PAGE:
- Assemble a Migraine comfort pack. Get a tote bag or back pack and fill it with comfort and relief items. These packs can be kept in a closet or other convenient place so Migraineurs have what they need (other than medications) all in one spot. When they travel, it’s easy to grab the pack, add medications, and have what they need if they get a Migraine while traveling. These packs come in handy for Migraineurs AND for those who try to help them when they have Migraines. This can be a very special gift because you’re also showing your support and understanding. Check the resources link below for an article about assembling a pack.
- Goodnighties Sleepwear. Comfort is a big issue for me when I have a Migraine. I’m one of the people I mentioned above — too cold one minute, too warm the next — and I hate the way that makes me feel damp and sticky. The people who make Goodnighties sleepwear asked me to try a gown or pair of pajamas and do a review. I was skeptical, but my Goodnighties gown keeps me dry and comfortable through the chills and hot flashes. They’re offering a 25% discount through the end of November to anyone who enters the code MIGRAINE at checkout, and they’re offering free shipping through December 23. Check the resources link below for their web site address. (prices, before discount, range from $65 - $85)
- The SootheAway Continuous Thermal Therapy System. Many Migraineurs find that cold or hot packs help with comfort and even a bit of pain relief. Many of us have times when we want hot packs and time when we want cold packs. It seems that hot packs are too warm at first, then cool down too quickly. Cold packs tend to be too cold against the skin when they come out of the freezer, but in no time, we’re stumbling back to the freezer for a fresh one. The SootheAway cycles distilled water through tubing in different shaped pads to give us hot or cold therapy — at a consistent, adjustable temperature. With a prescription, some insurance companies cover the device as medical equipment. Check the resources link below for their web site address. (Regular price, $349; introductory price, $299)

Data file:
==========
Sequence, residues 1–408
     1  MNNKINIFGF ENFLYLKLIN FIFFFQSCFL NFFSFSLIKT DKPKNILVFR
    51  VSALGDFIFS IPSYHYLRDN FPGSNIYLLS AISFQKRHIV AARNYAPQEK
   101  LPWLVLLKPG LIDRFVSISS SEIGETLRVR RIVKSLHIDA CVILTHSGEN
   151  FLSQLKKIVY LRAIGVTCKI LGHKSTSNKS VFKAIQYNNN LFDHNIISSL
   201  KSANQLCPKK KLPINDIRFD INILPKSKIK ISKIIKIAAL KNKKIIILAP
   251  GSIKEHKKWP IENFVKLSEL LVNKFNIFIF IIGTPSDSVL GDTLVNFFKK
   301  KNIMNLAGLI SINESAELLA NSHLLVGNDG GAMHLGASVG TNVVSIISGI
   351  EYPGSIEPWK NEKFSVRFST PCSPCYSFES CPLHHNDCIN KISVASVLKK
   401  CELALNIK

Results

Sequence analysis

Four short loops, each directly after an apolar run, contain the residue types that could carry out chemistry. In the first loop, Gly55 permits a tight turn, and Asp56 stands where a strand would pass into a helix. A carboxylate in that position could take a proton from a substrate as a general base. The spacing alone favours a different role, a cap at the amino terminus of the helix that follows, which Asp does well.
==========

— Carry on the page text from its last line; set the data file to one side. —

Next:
- Donating to Migraine research. It seems there are always people on my list for whom I simply don’t know what to buy. Of course, people say the same thing about me at times. There are only so many gift options, and sometimes our creative thinking fails us. Right? Something I’ve done for some of the Migraineurs in my lives is to make donations to Migraine research in their names. They appreciate it, and I know I’ve appreciated it when people have done that for me as a gift. In addition to government and industry, there are nonprofit organizations that fund Migraine research. You can find information about and links to those organizations on the resources link below.
For more information and web sites for the products, check out Resources & Links.
Can you tell when a migraine attack is coming?